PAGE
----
Pan-Afrikan Week is a week-long celebration of identities across the African diaspora. The week is significant for NC State’s Black community, acting as a time we can all celebrate and reflect upon the beauty of the Black community. Organized by the Black Students Board, Pan-Afrikan Week consists of events held by many Black organizations across campus. 

On Tuesday, April 9th, the second night of Pan-Afrikan Week, the Caribbean Student Association (CSA) and African Student Union (ASU) held a Family Feud game event in Talley Student Union. 

That night, Black people showed up and showed out. By the time the event was in full swing, the room had become packed, the snack line developing and tables filled with bustling conversation. Each table split into teams, picking interesting and unique names for their group. The host, donned a non-sticking fake mustache and a bald cap to mimic Steve Harvey, spearheaded the night’s festivities. His humor encouraged a lighthearted and good-natured environment all night as he cracked jokes and poked fun at the competing teams and their answers. 

The event followed “Family Feud” rules. The host calls two teams to step to the podium. The first player on each team is to answer a question prompt. The team whose member responds with the highest-scoring answer is tasked with answering the remainder of the questions. The chosen team has three strikes to guess all the answers on the board. If the team fails to do so, the opposing team must guess a correct answer in one try. If they answer correctly, they receive all the points obtained throughout the round. If they answer incorrectly, the other team gets all the points. Whoever can guess the most “popular” answers decides the winner. 

The questions of the night covered a great range of subjects including Caribbean music genres, famous songs and African cuisine. Alexis Grant, a second-year studying Material Science Engineering and President of the Caribbean Student Association, aided in creating the questions. She informed us where she found the inspiration for them “A few of them were pulled from the actual Family Feud,” referencing the decades-running television show “Family Feud” further adding, “and…we wanted to do stuff related to our cultures…” 

The questions invigorated conversation among the attendees. Lighthearted debates on the correct pronunciation of plantain, among others, broke out throughout the night. “I feel like the questions incorporated all cultures…” reflects Ire Debayo-Doherty, a first-year Engineering student. Ire continues to say that the event “…really brought the community together, and I got to meet some cool people.” 

Although fun and creative, the questions were tough, testing each team’s range of knowledge. In the first round, both teams struck out, helping guide the following teams to success. While some were able to sweep the floor with their responses, others struggled when asked unexpected questions.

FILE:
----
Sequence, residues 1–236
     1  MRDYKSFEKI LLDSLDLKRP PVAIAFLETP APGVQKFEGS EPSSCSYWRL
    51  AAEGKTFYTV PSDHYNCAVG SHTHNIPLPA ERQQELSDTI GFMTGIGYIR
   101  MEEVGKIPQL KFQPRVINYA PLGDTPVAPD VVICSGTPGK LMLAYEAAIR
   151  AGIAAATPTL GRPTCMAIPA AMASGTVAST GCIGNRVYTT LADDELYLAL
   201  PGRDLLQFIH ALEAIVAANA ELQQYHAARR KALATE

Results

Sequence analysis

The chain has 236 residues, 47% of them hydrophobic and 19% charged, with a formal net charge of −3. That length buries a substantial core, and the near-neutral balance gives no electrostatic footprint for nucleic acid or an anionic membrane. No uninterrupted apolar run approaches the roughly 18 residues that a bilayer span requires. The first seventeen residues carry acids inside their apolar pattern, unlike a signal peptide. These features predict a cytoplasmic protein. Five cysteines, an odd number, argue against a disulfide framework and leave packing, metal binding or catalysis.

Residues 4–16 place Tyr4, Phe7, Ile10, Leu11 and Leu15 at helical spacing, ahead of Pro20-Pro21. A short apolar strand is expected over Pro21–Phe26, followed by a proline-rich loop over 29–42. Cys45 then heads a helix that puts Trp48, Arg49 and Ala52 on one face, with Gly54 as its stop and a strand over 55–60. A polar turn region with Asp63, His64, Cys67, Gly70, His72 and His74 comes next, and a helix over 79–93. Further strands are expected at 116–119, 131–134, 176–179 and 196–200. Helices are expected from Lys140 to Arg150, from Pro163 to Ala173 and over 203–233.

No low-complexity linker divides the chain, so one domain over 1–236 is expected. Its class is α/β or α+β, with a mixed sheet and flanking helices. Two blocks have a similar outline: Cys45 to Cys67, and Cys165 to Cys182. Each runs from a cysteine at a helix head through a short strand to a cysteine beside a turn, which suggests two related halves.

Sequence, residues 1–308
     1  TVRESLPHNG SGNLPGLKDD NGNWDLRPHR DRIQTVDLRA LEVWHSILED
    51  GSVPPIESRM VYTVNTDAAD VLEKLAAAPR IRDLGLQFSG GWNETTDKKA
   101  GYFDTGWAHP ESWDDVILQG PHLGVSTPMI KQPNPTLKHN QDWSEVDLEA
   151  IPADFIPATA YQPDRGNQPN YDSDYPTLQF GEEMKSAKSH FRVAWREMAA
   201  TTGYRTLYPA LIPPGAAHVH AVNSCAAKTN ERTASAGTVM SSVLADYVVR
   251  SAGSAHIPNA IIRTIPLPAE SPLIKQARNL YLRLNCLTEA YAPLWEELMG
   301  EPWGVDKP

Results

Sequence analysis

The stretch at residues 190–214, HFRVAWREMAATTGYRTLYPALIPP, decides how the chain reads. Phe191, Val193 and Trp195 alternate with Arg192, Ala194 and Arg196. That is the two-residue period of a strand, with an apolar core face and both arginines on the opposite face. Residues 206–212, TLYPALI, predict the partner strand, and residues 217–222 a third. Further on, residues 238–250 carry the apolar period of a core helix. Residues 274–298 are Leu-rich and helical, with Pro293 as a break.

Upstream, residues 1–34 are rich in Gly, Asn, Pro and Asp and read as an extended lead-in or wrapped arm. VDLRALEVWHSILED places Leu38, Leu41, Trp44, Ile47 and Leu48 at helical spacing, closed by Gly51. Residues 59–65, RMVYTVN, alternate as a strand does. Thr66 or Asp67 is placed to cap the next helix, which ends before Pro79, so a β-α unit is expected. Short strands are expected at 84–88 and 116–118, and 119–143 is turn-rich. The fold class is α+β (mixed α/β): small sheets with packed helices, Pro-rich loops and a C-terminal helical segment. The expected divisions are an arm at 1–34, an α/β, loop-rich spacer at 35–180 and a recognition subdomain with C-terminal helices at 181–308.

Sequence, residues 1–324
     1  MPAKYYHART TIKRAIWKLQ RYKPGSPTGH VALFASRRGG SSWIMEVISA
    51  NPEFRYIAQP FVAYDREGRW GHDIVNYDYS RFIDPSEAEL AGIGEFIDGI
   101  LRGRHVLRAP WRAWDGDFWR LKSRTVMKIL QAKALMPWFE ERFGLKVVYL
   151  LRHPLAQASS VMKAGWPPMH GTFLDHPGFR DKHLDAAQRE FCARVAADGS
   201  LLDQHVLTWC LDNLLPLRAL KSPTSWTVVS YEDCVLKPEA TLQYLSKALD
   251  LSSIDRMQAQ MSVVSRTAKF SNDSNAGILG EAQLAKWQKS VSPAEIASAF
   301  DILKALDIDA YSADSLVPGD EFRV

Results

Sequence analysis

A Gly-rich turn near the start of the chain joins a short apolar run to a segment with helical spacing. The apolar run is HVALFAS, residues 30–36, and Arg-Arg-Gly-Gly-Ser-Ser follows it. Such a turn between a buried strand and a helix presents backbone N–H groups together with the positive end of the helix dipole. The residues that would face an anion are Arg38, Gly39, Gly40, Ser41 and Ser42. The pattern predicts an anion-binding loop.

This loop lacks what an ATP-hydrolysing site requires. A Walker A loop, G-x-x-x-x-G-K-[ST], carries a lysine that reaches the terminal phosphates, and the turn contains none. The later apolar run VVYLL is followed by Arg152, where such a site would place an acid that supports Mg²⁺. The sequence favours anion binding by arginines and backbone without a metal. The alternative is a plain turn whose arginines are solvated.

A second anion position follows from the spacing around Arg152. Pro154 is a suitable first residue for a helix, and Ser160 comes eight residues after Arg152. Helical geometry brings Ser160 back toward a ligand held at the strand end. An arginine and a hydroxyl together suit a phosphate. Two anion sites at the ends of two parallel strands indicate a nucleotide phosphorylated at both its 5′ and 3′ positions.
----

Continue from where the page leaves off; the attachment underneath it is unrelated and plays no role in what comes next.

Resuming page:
Gradually, teams gained or lost points, leaving the top two teams to compete in one last round where the winner takes all. The decisive question asked for the players to name five famous fairy tales. The first team began, naming a few stories but, unfortunately, only landing a few correct answers before striking out. The second team, ironically named “Team” took the right response, securing themselves as winners for the night. 

Faduma Sosman, a second-year Biomedical Engineering student, was one of the victors, taking home the title of this year’s Family Feud winner. She tells us that, as someone who is Somali, she was ready to answer most of the questions. Overall, she tells us that “I liked the event; it was fun.” 

Altogether, Tuesday’s Family Feud event was a fun and positive experience. Though it had its technical difficulties, that didn’t stop the energy and laughter from filling the air. It acted as a comfortable environment for conversation and communion with fellow Black students. 

Adachi Amaram, a second-year Political Science major and president of ASU, spoke about her feelings regarding hosting the event, “I love helping to facilitate and see the black joy that we were able to bring about in this space.” She reflects, “seeing the smiling faces, just seeing people being appreciative of the culture and learning something new today, and that was really refreshing to see.” 

For those who may have missed the event, Amaram says that ASU is currently in the talks of holding a much larger game show event next semester. This event will be a collaboration with a larger number of organizations and may be in a different format than that night’s event. Seeing the quality of the Family Feud event, one can anticipate another exciting game night from ASU.